I already commented on the pagan thing. But to add to the idea of avoiding uncomfortable practices: I did not hear this from his mouth, but supposedly Rav Aharon Lichtenstein did not do tashlich (at least, not at a water site) because it had avoda zara elements to it. (Maybe he really just didn't go over Yom Tov bc it got crowded and we only had a little artificial moat around the building while really he went with his family to a true river sometime during the weekdays of Aseres Yemei Teshuva! I do not know for certain, but that was the entertaining rumor we had in Yeshiva...)

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  4. Don't see why Arba Minim is stranger than, say, bris milah.

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    1. See my shpiel above - bris mila, while "objectively weird," carries with it a connection to history, to the Avos, and the meaning/purpose is spelled out in the text. Lulav has none of that.

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  5. Good post. The Bar Kochba letter in which he requisitions the 4 species for his men has always struck me in the same vein.

    I dont know why the mitzvah feels pagan to you, though. I grant that later writers saw in the waving certain mystical notions at odds with modern thinking you might prefer. At its core though, the mitzvah is of agricultural symbolism appropriate for a harvest festival and should not be troubling.

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    1. I think you answer the point yourself in your last sentence. Harvest festivals and their associated rituals, rites & symbols were not new but existed as pagan derivatives since time immemorial.

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  6. So instead of finding something meaningful to us in the mitzvos, we should use them as ''proofs'' for land claims?
    Please...

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    1. FYI Many people are denying the Jewish ties to ancient Israel. It is one reason the Palestinians block archeology near the Mosque. I have heard they even destroy any such findings while they themselves excavate ! ACJA

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    2. Not the mitzvah per se, but the evidence that the mitzva was performed. Similarly, pig bones are not found in many places in archeological sites in Israel, testifying to that sort of kashrus keeping.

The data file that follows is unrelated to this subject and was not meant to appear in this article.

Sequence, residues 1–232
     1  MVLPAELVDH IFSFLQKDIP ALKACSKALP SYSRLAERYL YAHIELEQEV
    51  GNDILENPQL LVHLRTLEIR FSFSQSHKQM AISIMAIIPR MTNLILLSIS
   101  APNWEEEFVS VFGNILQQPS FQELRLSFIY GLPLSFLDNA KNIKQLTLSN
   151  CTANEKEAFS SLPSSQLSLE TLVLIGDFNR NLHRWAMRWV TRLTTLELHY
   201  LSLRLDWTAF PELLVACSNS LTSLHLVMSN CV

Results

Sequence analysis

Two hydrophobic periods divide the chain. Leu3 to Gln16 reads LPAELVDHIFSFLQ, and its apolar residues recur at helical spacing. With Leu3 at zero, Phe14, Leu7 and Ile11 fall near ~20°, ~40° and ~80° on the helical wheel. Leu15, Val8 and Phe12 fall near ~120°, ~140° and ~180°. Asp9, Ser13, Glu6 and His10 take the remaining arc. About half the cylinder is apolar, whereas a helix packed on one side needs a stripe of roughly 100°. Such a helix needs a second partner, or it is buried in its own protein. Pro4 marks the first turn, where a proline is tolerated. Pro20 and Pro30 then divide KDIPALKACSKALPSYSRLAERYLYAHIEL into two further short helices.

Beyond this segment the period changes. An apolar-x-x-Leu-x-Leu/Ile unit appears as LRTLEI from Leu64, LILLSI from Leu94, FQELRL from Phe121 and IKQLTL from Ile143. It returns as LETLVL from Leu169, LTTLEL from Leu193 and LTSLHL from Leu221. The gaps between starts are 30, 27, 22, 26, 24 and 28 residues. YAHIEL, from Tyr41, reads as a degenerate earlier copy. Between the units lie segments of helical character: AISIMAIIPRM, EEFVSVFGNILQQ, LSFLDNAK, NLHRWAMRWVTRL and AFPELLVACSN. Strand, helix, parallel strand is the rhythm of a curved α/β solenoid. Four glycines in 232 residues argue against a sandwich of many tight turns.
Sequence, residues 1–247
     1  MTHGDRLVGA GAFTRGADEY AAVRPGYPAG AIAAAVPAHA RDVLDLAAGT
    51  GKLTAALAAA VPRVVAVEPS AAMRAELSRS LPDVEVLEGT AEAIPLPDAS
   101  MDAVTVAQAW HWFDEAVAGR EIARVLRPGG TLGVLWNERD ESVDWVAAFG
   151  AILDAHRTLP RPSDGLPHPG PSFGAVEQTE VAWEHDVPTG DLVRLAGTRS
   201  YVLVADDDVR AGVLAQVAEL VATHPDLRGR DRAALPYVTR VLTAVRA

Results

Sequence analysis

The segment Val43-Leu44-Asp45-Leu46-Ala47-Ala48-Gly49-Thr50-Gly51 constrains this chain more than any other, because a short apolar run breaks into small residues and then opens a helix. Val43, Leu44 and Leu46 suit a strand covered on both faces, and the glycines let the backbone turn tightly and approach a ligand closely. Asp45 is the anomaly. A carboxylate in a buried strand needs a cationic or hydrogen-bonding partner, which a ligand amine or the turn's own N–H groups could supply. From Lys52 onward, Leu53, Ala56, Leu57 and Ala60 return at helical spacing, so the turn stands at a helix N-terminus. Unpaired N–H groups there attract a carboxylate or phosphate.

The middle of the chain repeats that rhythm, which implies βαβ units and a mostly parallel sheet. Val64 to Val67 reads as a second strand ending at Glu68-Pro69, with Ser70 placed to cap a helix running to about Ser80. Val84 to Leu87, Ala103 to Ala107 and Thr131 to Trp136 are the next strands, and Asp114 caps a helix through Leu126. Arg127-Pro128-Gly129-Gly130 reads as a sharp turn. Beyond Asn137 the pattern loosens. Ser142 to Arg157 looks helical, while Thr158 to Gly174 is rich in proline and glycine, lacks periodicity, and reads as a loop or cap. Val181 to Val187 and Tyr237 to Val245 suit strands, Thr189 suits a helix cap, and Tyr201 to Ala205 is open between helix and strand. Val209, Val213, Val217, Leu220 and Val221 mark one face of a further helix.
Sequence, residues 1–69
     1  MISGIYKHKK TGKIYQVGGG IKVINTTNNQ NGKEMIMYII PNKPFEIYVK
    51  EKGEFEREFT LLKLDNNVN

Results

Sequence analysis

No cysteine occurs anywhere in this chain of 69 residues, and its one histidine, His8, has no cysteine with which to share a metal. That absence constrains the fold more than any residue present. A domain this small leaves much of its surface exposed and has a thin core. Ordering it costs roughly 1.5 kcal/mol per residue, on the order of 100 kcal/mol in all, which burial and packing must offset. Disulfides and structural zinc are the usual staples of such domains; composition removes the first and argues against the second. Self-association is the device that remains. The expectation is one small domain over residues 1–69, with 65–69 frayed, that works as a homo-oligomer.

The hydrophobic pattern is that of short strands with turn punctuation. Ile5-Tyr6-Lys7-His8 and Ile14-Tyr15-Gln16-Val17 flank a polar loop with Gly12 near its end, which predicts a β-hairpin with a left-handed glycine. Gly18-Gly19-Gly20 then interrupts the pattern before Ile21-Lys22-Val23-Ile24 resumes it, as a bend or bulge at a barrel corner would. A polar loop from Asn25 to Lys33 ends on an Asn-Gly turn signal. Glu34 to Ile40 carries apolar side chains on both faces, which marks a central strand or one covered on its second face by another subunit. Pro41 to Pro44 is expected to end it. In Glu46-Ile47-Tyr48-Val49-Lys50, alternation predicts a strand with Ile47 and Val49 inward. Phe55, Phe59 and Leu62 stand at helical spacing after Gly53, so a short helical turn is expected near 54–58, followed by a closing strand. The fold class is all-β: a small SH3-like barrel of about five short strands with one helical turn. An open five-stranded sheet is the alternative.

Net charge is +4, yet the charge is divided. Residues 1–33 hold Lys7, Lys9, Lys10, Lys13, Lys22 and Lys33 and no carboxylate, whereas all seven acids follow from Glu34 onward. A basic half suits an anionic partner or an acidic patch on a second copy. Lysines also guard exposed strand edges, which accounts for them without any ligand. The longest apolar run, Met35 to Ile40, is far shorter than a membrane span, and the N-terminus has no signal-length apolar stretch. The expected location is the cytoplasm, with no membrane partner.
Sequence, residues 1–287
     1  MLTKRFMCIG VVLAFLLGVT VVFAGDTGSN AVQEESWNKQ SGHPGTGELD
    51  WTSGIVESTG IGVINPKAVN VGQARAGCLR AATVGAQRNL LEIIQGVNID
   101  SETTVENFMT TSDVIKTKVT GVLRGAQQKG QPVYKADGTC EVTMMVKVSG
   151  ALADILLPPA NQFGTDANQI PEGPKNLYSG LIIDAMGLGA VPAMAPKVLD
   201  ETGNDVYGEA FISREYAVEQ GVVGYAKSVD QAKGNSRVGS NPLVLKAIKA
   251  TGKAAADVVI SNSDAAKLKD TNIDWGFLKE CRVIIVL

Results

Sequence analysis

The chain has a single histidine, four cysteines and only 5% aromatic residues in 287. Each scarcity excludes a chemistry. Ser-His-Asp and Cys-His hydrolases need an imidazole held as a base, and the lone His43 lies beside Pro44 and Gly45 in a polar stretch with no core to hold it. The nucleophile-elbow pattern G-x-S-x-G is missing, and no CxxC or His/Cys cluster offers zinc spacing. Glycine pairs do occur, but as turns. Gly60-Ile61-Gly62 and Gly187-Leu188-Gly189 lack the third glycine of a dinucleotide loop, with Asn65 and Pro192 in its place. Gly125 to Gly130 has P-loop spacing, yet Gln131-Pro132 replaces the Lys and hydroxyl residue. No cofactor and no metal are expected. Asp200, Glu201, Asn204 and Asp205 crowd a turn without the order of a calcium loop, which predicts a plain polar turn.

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  7. How about the achdut and unity that the Lulav symbolizes. Something many readers and posters should pay attention to. Including myself. We are one. All heading to redemption. A good sweet year to all my brothers and sisters that read this blog.

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    1. Ain't nuttin wrong with that... except it's a post-facto drasha, not a reason for the mitzvah.

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  8. Friendly SpelllcheckerSeptember 21, 2021 at 12:08 AM

    "Of course, there is *am* abundance of archeological evidence" (*an*)

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  9. Moadim lesimcha. I liked your point about carrying on a tradition, and I don't even consider myself a rationalist...that said, people often joke or perhaps even seriously call certain mitzvot pagan or barbaric, but come on: Do you even know anything about pagans or barbarians? Did pagans really wave around branches and fruit? Did barbarians really circumcise their kids? Maybe that's the answer a rationalist should give...

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    1. Are their pagan parallels to Torah ? Yes. Don’t take my word for it. See the Moreh by Rambam. ACJA

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    2. The pagan parallels to Torah are pervasive and deep. It shook my solid foundation in traditional Judaism to its depth and it came crashing down. Not even Rambam’s heroic effort could rebuild my belief in Traditional Judaism, although Rambam does have some valid insights. I explain in depth at my blog, including Sukkos and Rambam apologetics. Caution - my blog posts contain kefirah. ACJA